Leopard cubs are born with closed eyes that open four to nine days later. Captive-born Arabian leopard cubs emerged from their den for the first time at the age of one month. Cubs are weaned at the age of about three months, and remain with their mother for up to two years.
Three confirmed separate subpopulations remain on the Arabian Peninsula with fewer than an estimated 200 leopards. The Arabian leopard is threatened by habitat loss, degradation and fragmentation; prey depletion caused by unregulated hunting; trapping for the illegal wildlife trade and retaliatory killing in defense of livestock.
The actual distribution of the leopard in Arabia is not known exactly, mainly due to habitat destruction, killing and lack of ecological studies. Some reports indicate that the leopard population has decreased drastically in Arabia due to killing by shepherds and villagers after leopard raids on their livestock making them an enemy of farmers. In addition, hunting of leopard prey such as hyrax and ibex by local people and habitat fragmentation, especially in the Sarawat Mountains, have made the survival of the leopard uncertain.
In the 1950s, the numbers of leopards were already decreasing drastically due to killing by hunters, and habitat degradation and fragmentation. Together with the killing and poisoning of the leopard, decreased availability of prey might bring about its extinction. Other reasons for killing leopards are for personal satisfaction and pride, traditional medicine and hides. Some leopards are killed accidentally when eating poisoned carcasses intended for wolves and hyenas.
The 4,500 km2 (1,700 sq mi) Jabal Samhan Nature Reserve was established in 1997 after camera trap records of leopards were obtained; camera trapping since then has identified 17 individual adult leopards, including one cub. Al Jazeera spotlighted recent successful tracking efforts at the Jabal Samhan Nature Reserve in a 2012 episode of its program Witness.
At least ten wild leopards were live-captured in Yemen since the early 1990s and sold to zoos; some have been placed in conservation breeding centers in the UAE and Saudi Arabia.
A detailed study of leopard distribution and habitat requirement is needed for the management of the species. The ecological information needed include data on feeding behavior, range use and reproduction. This information is of great importance to the survival of the species. There are many sites already surveyed and considered to be suitable for preservation for leopards in the plan adopted by the national commission for wildlife conservation and development. These areas include Jebel Fayfa, Jebel Al-Qahar, Jebel Shada, which has already been gazetted as a protected area, Jebel Nees, Jebel Wergan, Jebel Radwa and Harrat Uwayrid. The formal establishment of some of these areas is now urgent.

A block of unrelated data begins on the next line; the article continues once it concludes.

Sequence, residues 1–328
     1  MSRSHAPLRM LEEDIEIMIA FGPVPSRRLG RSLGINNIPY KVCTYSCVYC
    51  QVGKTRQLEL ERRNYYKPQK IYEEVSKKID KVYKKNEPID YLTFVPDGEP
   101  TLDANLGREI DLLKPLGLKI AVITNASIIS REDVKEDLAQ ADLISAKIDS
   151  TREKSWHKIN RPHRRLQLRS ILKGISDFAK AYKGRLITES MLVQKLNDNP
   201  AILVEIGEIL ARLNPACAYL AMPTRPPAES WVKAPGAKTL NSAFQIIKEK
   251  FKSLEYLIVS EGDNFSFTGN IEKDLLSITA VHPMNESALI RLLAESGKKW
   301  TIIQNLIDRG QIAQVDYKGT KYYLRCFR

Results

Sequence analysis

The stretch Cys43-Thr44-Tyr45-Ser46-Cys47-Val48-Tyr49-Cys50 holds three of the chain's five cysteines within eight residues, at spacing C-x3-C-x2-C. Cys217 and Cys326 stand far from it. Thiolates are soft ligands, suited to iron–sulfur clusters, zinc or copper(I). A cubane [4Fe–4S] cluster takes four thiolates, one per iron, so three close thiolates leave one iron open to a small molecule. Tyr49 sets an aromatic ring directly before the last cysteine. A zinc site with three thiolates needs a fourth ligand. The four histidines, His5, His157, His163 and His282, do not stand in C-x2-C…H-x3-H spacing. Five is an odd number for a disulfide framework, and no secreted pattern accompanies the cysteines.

A successful conservation strategy must promote the awareness of the importance of leopard conservation, employing the media and perhaps other sources for basic education programs. The support and involvement of people living close to leopard habitats are vital in such efforts. This is true not only because they might affect the conservation of the leopard in one way or another, but also because they depend on their livestock which could be killed occasionally by leopards. Although it is not always practical, compensation for lost livestock from leopard predation should be considered.
Revenue from sources such as hunting rights and ecotourism, services such as roads and school employment in protected areas would encourage local residents to participate in leopard conservation. Furthermore, well-managed protected areas will ensure the continued survival of the species until other factors enhancing its survival become effective. Public awareness, fruitful consideration of the needs of local people and ecological studies may take years to be useful.
The first Arabian leopards were captured in southern Oman and registered in the studbook in 1985. Captive breeding was initiated in 1995 in the Oman Mammal Breeding Centre and is operated at a regional level on the Arabian Peninsula. Since 1999, the regional studbook is coordinated and managed by personnel of the Breeding Centre for Endangered Arabian Wildlife in Sharjah. As of 2010, nine participating institutions kept forty-two males, thirty-two females, and three unsexed leopards, of which nineteen were wild caught. This captive population comprised fourteen founders that have an unequal number of descendants.